Norma Habibi had popped out to the night shop for something, leaving her two toddlers with the woman next door. Turning the corner of the estate on her way back she heard a low drone and looked up to see "a terrible black shadow" fall over the block of flats. The drone turned to a roar like thunder. Then there was a ball of fire and before her eyes an El Al Boeing 747 cargo plane on its way from New York to Tel Aviv ploughed into the building.
The worst air crash in the history of the Netherlands, six years ago today, turned the Amsterdam apartment complex into a hell-like inferno in seconds, killing Norma Habibi's two children and 41 of her neighbours. Six years on, the surviving residents of the suburb are suffering physical ailments which their doctors have long suspected, and which new revelations last week appear to confirm, were caused by exposure to something more sinister than burning perfume, paints or electronic equipment.
El Al, the Israeli state airline, admitted last week it was also carrying three of the four chemical ingredients needed to make the odourless, highly toxic nerve agent sarin, the gas Saddam Hussein used against the Kurds in Iraq and which killed a dozen people in the Tokyo metro in 1995.
People in Amsterdam were appalled but not surprised. Rumours have been circulating for years that the men in coveralls and gas masks who appeared mysteriously at the site after the crash were from Mossad, the Israeli secret service.
Prompted by Dutch newspaper reports and a statement from El Al, the Israeli government admitted on Thursday there was a quantity of dimethyl methylphosphonate or DMMT on board, but denied the plane carried any "dangerous goods". The material was destined for "testing filters", a statement from the Prime Minister Benjamin Netanyahu's office said.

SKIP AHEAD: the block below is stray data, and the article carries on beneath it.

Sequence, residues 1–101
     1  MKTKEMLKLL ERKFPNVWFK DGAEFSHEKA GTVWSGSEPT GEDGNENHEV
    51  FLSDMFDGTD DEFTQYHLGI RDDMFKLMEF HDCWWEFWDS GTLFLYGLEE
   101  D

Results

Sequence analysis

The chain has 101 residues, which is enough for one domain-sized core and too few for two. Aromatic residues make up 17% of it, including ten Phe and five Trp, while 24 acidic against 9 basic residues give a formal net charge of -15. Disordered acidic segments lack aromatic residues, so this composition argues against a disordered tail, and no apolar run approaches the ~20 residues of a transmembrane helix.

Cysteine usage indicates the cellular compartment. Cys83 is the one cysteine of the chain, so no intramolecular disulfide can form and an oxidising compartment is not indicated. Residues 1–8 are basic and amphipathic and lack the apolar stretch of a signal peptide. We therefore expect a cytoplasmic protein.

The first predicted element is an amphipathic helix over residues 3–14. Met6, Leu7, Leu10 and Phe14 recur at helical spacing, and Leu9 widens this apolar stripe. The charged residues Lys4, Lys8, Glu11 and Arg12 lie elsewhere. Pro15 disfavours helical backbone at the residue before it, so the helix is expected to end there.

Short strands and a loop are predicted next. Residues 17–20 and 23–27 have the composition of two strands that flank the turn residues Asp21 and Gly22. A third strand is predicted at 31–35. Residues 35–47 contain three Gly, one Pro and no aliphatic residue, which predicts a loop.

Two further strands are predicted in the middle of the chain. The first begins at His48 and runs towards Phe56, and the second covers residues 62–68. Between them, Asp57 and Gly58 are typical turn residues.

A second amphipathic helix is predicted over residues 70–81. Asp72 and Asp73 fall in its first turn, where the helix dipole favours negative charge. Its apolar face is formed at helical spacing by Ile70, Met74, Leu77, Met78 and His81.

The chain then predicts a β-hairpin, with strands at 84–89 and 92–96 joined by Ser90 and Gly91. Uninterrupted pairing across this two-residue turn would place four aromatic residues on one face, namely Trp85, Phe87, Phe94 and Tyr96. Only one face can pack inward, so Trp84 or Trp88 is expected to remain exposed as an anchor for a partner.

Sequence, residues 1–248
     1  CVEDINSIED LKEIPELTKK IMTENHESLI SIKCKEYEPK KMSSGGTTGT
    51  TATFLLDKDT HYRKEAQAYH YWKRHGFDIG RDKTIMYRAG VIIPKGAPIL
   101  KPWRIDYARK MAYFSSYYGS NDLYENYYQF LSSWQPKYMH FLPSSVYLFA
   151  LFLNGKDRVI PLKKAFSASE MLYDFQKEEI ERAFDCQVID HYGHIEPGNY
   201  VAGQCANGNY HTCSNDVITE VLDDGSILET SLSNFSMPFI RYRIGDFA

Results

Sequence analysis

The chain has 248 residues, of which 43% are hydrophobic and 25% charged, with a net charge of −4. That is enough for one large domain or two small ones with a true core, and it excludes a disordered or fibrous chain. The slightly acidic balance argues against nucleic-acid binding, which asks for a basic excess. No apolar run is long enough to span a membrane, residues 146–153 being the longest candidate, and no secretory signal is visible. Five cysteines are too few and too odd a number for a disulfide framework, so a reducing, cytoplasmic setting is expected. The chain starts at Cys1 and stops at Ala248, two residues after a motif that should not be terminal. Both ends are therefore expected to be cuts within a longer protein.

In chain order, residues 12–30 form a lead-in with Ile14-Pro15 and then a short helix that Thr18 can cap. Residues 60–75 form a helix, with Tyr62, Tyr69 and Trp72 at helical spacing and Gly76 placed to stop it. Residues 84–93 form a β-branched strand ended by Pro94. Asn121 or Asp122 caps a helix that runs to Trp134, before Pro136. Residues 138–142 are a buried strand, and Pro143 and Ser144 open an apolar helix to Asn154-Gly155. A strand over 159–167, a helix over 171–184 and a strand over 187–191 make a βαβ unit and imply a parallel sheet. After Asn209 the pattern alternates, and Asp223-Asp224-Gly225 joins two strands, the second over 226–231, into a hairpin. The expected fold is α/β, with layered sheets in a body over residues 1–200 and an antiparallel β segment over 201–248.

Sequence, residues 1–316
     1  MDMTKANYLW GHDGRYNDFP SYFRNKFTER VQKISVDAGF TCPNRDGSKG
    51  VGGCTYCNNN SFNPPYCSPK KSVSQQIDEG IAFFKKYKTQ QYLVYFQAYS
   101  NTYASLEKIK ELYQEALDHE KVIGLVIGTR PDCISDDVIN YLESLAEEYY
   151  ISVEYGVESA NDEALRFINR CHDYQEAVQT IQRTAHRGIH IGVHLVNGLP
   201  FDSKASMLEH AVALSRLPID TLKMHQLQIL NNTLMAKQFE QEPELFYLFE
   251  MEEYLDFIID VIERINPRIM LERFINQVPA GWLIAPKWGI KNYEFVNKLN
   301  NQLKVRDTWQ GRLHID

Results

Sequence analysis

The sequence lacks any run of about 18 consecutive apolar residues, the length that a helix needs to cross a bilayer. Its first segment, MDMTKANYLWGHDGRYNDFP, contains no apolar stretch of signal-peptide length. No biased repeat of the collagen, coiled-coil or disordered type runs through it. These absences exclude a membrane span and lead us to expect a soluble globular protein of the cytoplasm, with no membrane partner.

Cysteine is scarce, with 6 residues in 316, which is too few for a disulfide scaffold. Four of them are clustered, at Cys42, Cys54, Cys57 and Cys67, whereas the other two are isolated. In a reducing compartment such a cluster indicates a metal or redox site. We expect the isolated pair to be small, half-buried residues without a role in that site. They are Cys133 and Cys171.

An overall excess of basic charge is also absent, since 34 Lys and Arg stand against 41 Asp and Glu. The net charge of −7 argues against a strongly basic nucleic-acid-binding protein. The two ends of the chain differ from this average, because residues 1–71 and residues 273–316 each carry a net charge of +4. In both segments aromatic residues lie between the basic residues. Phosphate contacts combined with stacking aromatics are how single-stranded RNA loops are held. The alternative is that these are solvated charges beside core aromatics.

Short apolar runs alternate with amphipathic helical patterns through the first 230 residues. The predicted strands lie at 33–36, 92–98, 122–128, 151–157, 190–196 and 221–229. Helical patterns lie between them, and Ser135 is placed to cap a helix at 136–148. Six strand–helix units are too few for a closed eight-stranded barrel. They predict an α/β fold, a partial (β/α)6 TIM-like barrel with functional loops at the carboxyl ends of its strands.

Freight papers for the El Al flight indicate that 190 litres of DMMT were on board the plane - enough, when combined with two other chemicals in the cargo, to generate more than a quarter of a tonne of sarin.
The materials, purchased from a US plant, were bound for the Institute for Biological Research in the Israeli town of Ness Ziona south of Tel Aviv. Israel has never admitted producing chemical or biological weapons and has signed, but not ratified, the International Convention on the Prohibition of Chemical Weapons.
Jan Medema, who heads a team of chemical weapons inspectors and directs the toxic substances division at the Dutch defence research institute in The Hague, is concerned about the quantity of DMMT, the presence of two other substances (isopropanol and hydrogen fluoride) and the destination of the cargo.
Dr Medema believes that the volume of DMMT in itself was too big for routine experiments at a research lab. "We have been trying to think what possible research purposes you would need this compound in such large quantities for. The likelihood has to be that it was for sarin. Either they had some special plan for an experiment or they needed a quantity of sarin for some special purpose. This raises many questions."
Responding to the outcry, the Dutch government has ordered a full public inquiry. Beyond the chemicals which were identified last week and some ordinary industrial goods, mystery still surrounds one third of the cargo.
When and if the answers come they will be of interest not just to the sick people of Bijlmermeer and Ness Ziona (who have also been demanding to know what goes on there) but to anyone alarmed at the build-up of chemical and biological weapons in a region as volatile as the Middle East.